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Legacies of Slavery: A Resource Book for Managers of Sites and Itineraries of Memory

“Long isolated and limited to a few famous sites of slavery and the slave trade (such as the Island of Gorée in Senegal, the Ghana forts and the Citadelle Henry Christophe in Haiti), historic towns (such as Salvador in Brazil and Cartagena in Colombia) and remains (such as plantations in the Caribbean), initiatives aimed at establishing this tangible heritage in national memorial landscapes have significantly increased, diversified and gained momentum over the last 20 years or so. This memorial heritage is often endangered, however, by ignorance of its historical value, negligence, a lack of means for managing it or even financial greed aroused by its value on the real-estate market.


Countries have adopted different strategies to preserve their memorial sites and monuments: inscriptions on the World Heritage List, which involves specific obligations; listings as national cultural heritage, which guarantee a certain level of protection; and the creation of memory routes promoted in cultural tours by communities and/or local authorities. Some combine these different strategies simultaneously.


Site managers and authorities are therefore constantly facing challenges triggered by tourism development projects. Those challenges faced by managers of sites or routes linked to the history of the slave trade and slavery are specific to the very nature of the historical subject and include, for example, the possible loss of  historical landmarks or their fall into oblivion; the gradual disappearance of this memorial heritage; and the extreme sensitivity of the subject. Managers should be aware of the risk of certain pitfalls in approaching this theme. Important choices must be made to avoid a reification of the slave trade and slavery as a tourist product, along with other pitfalls linked to economic exploitation and speculation. It is important to prevent programmes of commercial exploitation and mass tourism, such as hotel areas and/or tourist recreation parks of a speculative nature.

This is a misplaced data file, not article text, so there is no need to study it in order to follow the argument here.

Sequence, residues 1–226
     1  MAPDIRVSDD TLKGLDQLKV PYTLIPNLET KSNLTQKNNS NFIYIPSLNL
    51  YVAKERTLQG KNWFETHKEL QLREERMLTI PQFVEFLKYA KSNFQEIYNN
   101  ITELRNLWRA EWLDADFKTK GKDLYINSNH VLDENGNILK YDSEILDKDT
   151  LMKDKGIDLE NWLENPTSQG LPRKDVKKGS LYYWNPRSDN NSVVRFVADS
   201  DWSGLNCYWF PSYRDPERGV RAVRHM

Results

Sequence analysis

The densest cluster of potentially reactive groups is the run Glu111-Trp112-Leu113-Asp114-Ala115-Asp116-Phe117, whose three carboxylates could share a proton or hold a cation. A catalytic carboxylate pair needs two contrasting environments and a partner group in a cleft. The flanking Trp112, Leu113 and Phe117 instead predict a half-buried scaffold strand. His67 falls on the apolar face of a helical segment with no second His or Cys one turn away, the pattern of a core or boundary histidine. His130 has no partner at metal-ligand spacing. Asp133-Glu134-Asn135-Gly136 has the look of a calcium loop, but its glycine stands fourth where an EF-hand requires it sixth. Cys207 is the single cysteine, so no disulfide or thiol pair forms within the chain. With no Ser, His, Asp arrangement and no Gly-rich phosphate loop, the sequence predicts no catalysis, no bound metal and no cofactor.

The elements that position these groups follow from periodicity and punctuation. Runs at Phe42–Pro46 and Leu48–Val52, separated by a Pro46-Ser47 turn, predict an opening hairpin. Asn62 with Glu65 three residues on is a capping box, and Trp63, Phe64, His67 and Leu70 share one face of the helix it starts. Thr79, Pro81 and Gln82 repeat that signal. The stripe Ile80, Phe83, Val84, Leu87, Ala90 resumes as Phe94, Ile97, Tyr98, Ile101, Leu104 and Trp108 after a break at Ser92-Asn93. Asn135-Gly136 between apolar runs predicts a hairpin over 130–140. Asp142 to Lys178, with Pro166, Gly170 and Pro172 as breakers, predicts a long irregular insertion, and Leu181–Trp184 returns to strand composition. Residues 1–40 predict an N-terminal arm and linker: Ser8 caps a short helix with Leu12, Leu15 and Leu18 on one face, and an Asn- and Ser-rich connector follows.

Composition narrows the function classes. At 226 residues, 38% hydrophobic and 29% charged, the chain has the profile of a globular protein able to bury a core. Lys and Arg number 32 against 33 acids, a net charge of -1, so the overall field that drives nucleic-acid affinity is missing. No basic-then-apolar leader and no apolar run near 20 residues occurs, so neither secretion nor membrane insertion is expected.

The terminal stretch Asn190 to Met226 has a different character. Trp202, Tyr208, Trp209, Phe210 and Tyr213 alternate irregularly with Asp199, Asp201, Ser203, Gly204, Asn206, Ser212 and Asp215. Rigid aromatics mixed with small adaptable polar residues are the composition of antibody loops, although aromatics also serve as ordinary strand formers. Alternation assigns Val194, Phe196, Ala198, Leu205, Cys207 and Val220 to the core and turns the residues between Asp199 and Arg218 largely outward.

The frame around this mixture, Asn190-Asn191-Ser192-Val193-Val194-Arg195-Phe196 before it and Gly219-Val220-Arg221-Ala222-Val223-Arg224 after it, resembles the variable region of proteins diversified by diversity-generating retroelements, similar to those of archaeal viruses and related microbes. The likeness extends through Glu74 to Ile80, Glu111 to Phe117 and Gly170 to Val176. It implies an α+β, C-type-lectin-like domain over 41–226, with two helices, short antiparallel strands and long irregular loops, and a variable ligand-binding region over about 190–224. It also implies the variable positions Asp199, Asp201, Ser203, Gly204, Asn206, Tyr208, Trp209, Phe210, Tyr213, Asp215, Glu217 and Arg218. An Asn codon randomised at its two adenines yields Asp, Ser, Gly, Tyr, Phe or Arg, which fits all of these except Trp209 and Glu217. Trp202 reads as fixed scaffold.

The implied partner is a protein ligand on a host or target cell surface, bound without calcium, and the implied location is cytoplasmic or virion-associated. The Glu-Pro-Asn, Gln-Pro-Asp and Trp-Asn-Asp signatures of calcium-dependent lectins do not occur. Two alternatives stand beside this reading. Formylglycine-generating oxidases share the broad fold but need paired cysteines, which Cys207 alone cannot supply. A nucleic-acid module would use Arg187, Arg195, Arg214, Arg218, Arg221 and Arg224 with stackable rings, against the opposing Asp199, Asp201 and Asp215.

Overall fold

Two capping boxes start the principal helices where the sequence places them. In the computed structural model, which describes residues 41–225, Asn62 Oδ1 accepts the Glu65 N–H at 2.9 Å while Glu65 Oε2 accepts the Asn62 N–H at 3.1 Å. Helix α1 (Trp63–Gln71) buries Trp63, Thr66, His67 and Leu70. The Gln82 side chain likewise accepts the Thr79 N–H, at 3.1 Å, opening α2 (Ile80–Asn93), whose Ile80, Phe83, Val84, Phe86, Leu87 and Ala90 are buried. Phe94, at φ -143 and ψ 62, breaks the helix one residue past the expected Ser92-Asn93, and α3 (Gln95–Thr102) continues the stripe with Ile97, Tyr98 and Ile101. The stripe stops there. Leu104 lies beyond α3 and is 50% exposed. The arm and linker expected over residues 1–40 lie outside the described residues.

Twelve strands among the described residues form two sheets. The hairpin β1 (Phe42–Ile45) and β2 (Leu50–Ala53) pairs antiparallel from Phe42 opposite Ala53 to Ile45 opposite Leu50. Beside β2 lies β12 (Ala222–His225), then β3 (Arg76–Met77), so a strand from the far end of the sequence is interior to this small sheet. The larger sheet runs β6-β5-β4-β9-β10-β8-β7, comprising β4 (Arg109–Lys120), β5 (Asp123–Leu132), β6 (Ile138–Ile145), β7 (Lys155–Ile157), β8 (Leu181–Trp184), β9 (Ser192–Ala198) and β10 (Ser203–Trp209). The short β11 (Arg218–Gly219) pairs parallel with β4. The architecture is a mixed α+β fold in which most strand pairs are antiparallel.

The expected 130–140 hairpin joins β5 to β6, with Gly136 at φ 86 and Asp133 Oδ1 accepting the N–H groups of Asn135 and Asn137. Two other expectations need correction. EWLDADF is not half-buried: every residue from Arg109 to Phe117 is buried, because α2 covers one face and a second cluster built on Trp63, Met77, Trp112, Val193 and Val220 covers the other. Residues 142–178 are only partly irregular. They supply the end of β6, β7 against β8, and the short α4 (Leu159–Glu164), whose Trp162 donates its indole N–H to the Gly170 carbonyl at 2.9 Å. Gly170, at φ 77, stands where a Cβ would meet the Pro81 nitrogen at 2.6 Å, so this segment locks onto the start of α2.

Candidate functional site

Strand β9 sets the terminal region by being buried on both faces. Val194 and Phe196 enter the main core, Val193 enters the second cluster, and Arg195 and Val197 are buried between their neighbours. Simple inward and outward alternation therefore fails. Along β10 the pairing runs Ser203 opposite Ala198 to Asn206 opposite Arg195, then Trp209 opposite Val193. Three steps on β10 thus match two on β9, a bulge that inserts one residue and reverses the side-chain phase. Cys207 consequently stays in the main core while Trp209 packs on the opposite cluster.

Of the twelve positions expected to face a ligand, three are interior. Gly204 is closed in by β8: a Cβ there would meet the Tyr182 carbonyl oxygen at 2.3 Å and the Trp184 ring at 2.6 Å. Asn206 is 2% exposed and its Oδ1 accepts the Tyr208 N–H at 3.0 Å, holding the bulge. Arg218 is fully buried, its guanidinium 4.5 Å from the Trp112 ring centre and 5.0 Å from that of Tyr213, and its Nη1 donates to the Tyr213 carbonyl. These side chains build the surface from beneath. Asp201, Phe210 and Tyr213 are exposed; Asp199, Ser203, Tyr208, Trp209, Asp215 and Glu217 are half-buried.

The third challenge in the preservation and enhancement of memorial heritage linked to the history of the slave trade and slavery is the need to involve communities in reclaiming these sites. The commitment of the communities involved, especially by women and young people, is essential to the sound management of the site or route. It will enable them to benefit from the development and will provide them with economic and cultural tools of self-determination and identity.


This methodological guide intends to address these concerns by analysing the experiences of professionals working in the field, decision-makers involved in the development of public policy and researchers who have considered and discussed the topic. Its main objective is to offer assistance to the different stakeholders involved in memory policies and the management of heritage linked to the slave trade and slavery in three main ways:

1. Providing a frame of reference to government authorities in charge of formulating development policies for historical heritage to support their efforts to identify, safeguard and develop tangible sites and monuments, as well as anti-slavery resistance and abolition movements.

2. Providing managers with a methodological tool to strengthen their capacity to address the different issues they are facing.

3. Encouraging experience-sharing and partnerships between managers of memorial sites and monuments to stimulate the creation of regional and international memory networks and routes.


This guide offers examples of best practices, identifies new approaches, defines guidelines, provides recommendations and promotes the building of networks. In short, it aims to boost the effectiveness of the management, development and promotion of historical and memorial sites and routes linked to the slave trade and slavery in different regions of the world. In addition to addressing these needs specific to the operational development of memory tourism, this guide aims to raise awareness of the pitfalls and risks linked to promoting this specific memorial heritage, especially when tours highlight the wealth of buildings formerly owned by slave masters rather than the sweat and blood of the slaves who built them. It is important to take into account all the tangible and intangible legacies of the slave trade and slavery: the slave factories, the fortifications, the homes of the slave masters, but also the places where physical cruelty took place, the resistance sites and the achievements of slaves, considering that the symbolic, memorial and social value of such heritage does not always match the key criteria in terms of business, aesthetics and tourism”